London 2012: British triathletes will accept domestique roles
Some British triathletes are prepared to accept their only route to London 2012 may be as domestiques helping the Brownlee brothers or Helen Jenkins.
Domestiques sacrifice their own race to help others win. Jenkins and Alistair Brownlee are reigning world champions.
With three places to fill per gender, domestiques can be chosen if no others prove to be genuine medal contenders.
What do domestiques do?
British Triathlon's Malcolm Brown:
"An example was when Alistair Brownlee got a puncture at the 2011 Euros. He was over a minute behind his rivals. We had athletes in that race prepared to drop off the main pack and work with Alistair to get him back. He went on to win the race. That was an extreme example but it's somebody there primarily to support."
"I've had time to consider it and I'd take that role," triathlete Liz Blatchford told BBC Sport.
"I want to be an Olympian and to help Helen win a medal would be an honour.
"First choice, I'd love to go for myself, but to get a spot in the Games - if that means helping Helen - then yeah."
A podium finish at a top-level world series triathlon race is enough to earn selection, but has not been achieved recently by anyone other than Jenkins, Alistair Brownlee and younger brother Jonny.
Jenkins and Jonny Brownlee both won gold at last week's San Diego triathlon, in the absence of Alistair, who continues to recover from an Achilles injury.
Next week's Madrid triathlon is the final selection event for the British team, which will consist of three men and three women at the London 2012 races in Hyde Park.
"We keep thinking it will become clearer, and it keeps not being," said British Triathlon's Malcolm Brown. "We have a final event in Madrid and only then will it be clear what the circumstances are. It's all to play for.
What the triathletes think
Vicky Holland: "Being a domestique is something I've increasingly had to think about. If that was my way into the Olympic Games, and I could do something to help us secure one of those medals, then yeah, I would do it."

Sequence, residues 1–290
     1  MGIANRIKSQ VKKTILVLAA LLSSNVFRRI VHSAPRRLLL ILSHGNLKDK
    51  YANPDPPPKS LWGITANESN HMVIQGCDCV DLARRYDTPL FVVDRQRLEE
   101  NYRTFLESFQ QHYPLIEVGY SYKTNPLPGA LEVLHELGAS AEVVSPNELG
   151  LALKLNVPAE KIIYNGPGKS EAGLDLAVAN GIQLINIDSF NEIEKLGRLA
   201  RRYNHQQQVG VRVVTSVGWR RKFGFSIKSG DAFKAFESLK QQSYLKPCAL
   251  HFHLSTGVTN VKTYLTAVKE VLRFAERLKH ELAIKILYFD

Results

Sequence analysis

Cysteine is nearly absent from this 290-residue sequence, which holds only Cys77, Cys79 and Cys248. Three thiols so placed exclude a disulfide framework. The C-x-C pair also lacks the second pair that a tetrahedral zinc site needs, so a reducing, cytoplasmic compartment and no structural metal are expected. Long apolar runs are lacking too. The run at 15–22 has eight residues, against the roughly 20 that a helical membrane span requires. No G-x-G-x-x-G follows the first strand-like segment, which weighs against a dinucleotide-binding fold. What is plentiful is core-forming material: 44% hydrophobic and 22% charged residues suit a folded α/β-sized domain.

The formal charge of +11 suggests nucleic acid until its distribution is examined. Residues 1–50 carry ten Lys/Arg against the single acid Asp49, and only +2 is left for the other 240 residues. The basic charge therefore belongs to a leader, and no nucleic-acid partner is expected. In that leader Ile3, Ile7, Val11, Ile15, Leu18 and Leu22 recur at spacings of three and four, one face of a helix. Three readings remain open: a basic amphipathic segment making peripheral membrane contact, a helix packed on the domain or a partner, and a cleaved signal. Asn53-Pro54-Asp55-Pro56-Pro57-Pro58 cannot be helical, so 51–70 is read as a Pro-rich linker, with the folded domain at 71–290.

Tim Don: "I don't know. I'm not really thinking like that. If you really believe you can go, you've got to focus on trying to have the best performance possible. It's a decision I'll have to make afterwards. I don't particularly know if Alistair and Jonathan need a domestique."
"The principles are that we would like to select three athletes who have a chance of getting a medal. We have to consider: do we have athletes of that calibre? Failing that, we have a discretionary selection around assisting those athletes who have got a medal chance.
"But that may be a tough thing for an athlete to decide to do."
Will Clarke, who competed for Team GB at the Beijing 2008 Olympics, last reached a world series podium when he finished second in Hamburg in July 2011, in a race not contested by either of the Brownlee brothers.
Clarke, 27, has so far finished eighth in Sydney and 20th in San Diego this year. He said he was confident of Olympic selection until he received a phone call from British Triathlon.
"[They said they were] really looking for an athlete to get in the medal zone rather than be close to it. It made me realise it's far from over, there's a lot of work to be done and it will be really hard to qualify in my own right," he said.
"Hopefully I can do it. If not, I'll be going for a domestique role to work with the other lads.
"I think [the selection policy] is really harsh, I can't see a reason why athletes finishing eighth, 10th or higher can't be right up there on the day. Everyone knows anything can happen, people do big things on the day.
"But it's absolutely important for Britain to get a medal, all the funding is based on winning Olympic medals. I can understand why they're doing it, having someone in there who can increase the other guys' chance of getting a medal."
Jenkins, 28, said: "As an athlete, you like to think the three best people should go to the Games. But I'm very aware that our funding comes from UK Sport and their remit is medals.
"If I did have people there as support-role athletes, it puts more pressure on myself but if it helps us win medals and secure the future of our sport, that's a good thing.
"It's tough and it's emotional. If people help me I'll be grateful for all eternity that they were there for that purpose. It's a hard thing to do but it's an Olympics in your own country and most people would do anything to be there."